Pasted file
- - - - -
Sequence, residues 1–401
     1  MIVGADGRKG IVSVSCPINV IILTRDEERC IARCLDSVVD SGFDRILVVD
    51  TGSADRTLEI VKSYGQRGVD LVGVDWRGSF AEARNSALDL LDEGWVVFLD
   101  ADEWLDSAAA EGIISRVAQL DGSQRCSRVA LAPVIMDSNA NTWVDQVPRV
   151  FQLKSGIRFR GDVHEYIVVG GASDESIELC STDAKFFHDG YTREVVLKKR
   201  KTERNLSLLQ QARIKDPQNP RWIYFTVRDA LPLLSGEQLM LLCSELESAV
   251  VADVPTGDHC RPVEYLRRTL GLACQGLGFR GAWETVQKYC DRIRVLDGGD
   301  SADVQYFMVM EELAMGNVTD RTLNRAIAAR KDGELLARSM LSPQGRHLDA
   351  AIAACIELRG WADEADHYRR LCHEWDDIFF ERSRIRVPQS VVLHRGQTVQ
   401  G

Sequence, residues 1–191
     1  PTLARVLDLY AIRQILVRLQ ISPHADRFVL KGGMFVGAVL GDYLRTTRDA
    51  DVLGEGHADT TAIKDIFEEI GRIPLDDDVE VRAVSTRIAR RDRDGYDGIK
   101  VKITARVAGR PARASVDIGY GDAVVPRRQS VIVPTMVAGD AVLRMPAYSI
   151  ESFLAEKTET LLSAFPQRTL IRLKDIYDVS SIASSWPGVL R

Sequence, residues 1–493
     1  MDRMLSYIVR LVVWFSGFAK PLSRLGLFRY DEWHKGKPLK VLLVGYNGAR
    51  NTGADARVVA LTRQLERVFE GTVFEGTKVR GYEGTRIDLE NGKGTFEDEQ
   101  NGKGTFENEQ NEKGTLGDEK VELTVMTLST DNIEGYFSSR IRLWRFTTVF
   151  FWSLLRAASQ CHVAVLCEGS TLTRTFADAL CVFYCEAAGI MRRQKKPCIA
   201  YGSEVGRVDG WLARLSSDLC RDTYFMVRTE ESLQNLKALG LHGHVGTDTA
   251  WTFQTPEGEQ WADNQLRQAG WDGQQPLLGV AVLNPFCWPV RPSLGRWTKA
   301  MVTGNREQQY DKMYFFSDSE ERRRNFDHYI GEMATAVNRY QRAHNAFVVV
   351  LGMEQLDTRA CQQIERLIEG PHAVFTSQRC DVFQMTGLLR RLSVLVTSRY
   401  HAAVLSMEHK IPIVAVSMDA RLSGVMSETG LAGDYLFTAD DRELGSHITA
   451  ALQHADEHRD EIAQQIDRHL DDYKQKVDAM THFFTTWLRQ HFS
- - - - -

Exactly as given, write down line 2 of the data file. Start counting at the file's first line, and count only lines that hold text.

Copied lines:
     1  MIVGADGRKG IVSVSCPINV IILTRDEERC IARCLDSVVD SGFDRILVVD